Questions for Laura Dern
The Enlightened star talks about dragging David Lynch back to directing, transcendental meditation, and the possibility of Jurassic Park 4.
Laura Dern: Enlightened is a big dream for me. Because when I became an actor I had two favorite films. One was Mr. Smith Goes to Washington. I always wanted to do a Ms. Smith Goes to Washington. The other was Network. To me, one of the great scenes ever in any film is [when disaffected workers] open up their windows and scream out, “I’m mad as hell and I’m not going to take it anymore.” I basically said to Mike White: What if we could take those two ideas, but that someone goes to Washington and uses their voice to create change, not by being the befuddled innocent, but by being the raging innocent. Somebody who says, “This is fucked. We’re losing our country, and we have to use our voices or it’s going to be gone forever.” I feel like that’s where Amy lies: somewhere between the two.
Now I have dreams that are based entirely on very surface needs like, I really want to live in New York, so I want to do a movie in New York. I really want to move to Paris, so I think I want to go make French films. I’m seeing Jonathan Demme today who directed some of the episodes and who is a huge influence on the creation of Amy. I am ecstatic at the thought of making a movie with him. I was like, “Come on Jonathan. New York, Paris, great clothing, good food, French hours.” This is my new thing. Maybe it will happen. I kind of keep saying what I want.
Slate: Back to politics and rage—you’re a former member of the Hollywood Women's Political Committee. How are you feeling about the 2012 elections?
Laura Dern: I wish I could be more articulate about my candidate, who is our current president, because I understand the frustration, because I have it too. I really feel that we have put this idyllic concept of what a president gets to do on a man that we knew, going in, was never going to achieve the goals he or we set out for him based on this shit storm that was handed to him. So, I’d love to speak more articulately in defense of him because I don’t see any other option.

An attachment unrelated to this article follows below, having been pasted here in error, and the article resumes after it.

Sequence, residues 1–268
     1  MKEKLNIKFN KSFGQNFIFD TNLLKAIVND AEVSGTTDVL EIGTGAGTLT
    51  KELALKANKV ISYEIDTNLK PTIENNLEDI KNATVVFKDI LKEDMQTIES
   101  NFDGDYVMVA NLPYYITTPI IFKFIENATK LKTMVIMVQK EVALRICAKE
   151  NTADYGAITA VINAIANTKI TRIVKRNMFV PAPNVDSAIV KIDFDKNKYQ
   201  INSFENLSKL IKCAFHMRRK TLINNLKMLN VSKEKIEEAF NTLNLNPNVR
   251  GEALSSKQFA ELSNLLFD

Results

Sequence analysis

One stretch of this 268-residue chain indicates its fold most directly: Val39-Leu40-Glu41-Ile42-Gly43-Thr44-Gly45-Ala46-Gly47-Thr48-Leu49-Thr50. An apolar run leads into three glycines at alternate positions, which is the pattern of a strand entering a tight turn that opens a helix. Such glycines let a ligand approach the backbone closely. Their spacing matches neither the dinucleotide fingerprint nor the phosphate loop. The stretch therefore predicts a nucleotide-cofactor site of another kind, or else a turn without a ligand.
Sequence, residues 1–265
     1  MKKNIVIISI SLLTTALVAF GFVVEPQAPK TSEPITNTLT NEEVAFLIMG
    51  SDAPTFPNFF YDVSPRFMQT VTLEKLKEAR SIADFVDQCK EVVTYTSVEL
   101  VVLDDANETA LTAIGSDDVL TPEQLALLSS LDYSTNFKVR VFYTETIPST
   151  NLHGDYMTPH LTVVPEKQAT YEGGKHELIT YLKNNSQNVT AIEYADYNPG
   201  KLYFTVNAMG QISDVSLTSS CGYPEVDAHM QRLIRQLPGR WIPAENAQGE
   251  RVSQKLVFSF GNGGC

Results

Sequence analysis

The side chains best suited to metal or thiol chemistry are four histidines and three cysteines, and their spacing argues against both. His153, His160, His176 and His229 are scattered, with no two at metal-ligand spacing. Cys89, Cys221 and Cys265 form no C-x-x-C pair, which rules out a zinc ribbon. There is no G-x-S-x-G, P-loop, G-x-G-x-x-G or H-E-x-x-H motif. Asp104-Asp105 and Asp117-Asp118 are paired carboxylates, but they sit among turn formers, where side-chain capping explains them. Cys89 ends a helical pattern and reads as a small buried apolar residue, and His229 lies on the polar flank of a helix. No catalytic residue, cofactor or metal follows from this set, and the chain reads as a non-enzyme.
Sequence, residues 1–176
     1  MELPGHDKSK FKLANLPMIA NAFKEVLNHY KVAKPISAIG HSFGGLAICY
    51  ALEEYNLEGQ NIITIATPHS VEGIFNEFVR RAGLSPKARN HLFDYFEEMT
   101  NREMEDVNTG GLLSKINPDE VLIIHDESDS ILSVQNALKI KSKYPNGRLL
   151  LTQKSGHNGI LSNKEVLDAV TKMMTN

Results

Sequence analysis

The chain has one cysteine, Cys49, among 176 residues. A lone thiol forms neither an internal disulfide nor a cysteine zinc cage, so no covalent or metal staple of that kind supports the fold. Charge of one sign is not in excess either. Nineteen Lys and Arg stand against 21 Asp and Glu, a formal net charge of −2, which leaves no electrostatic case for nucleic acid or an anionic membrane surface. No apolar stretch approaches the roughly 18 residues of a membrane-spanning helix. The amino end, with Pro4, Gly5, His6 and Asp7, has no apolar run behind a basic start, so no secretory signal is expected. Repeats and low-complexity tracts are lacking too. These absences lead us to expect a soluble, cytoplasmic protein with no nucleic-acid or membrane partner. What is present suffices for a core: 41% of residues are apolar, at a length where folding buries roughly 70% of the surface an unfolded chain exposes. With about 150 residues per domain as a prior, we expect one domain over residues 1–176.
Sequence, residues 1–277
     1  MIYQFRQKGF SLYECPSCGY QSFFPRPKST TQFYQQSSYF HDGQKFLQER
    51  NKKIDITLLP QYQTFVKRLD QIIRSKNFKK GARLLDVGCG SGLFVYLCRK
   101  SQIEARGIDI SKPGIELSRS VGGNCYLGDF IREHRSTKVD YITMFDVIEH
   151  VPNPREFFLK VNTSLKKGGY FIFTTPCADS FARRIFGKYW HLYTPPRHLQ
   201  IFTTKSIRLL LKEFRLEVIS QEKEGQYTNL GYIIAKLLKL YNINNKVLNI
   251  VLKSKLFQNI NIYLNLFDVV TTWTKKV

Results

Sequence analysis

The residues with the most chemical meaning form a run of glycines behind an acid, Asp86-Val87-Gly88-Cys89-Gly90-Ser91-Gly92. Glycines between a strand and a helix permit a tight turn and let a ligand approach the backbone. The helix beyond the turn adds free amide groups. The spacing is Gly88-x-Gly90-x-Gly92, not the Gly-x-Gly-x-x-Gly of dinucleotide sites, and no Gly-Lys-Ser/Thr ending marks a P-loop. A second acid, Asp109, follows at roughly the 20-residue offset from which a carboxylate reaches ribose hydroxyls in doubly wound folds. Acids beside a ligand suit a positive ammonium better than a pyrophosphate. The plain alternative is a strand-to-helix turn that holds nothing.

Slate: After your excellent portrayal of Florida’s Secretary of State Katherine Harris in Recount, I feel like you could do a really good Michele Bachmann. You could really channel that inner rage she has simmering beneath the surface.
Laura Dern: Beneath the smile and the teeth. That would be a fun one to take on. That could be very exciting.
Slate: You’re in The Master, Paul Thomas Anderson’s new movie about a religious guru in the ‘50s [according to rumors, the character is based on Scientology founder L. Ron Hubbard]. Is your character an acolyte of this religion?
Laura Dern: It’s someone who is very involved, for sure. You know what I love about Paul, I love a zillion things about Paul like so many of us do, but Paul is old school in the best sense of the word. I was raised in the ‘70s and I’ve worked with people I love and I’ve been on sets with my parents, with people who run a set and require of actors a sense of liberty and freedom and exploration and failure into brave achievement. Other than Jonathan Demme, Paul Thomas Anderson, bless and rest his soul, Robert Altman, who was such a pioneer for Paul and myself, there are very few people making movies like that, so just working on a set with him is so extraordinary. In terms of the subject of the film, and all of the films he makes, he dances so comfortably in the gray. When he takes on the subject matter, any subject matter, he is there to examine what it offers; not just take anything down. It’s funny when people think filmmakers are irreverent. It’s like, “Ooh, what’s he doing. I heard the movie’s about dot dot dot.” They go, “I bet he’s really going to attack it.” In fact, he tries to uncover what he loves. What the worth is in something.
Slate: Jurassic Park 4. Is that happening?
Laura Dern: I hear it’s happening. I think it’s got a ways to go. Steven is about to immerse himself in Lincoln, which is really exciting and something he’s poured his heart and soul into for a long time. I’m so excited because Daniel Day-Lewis is playing Lincoln. Once that’s finished, there’s always been talk that my character is deeply involved in [Jurassic Park 4] somehow, but I haven’t heard yet.
This interview has been edited and condensed.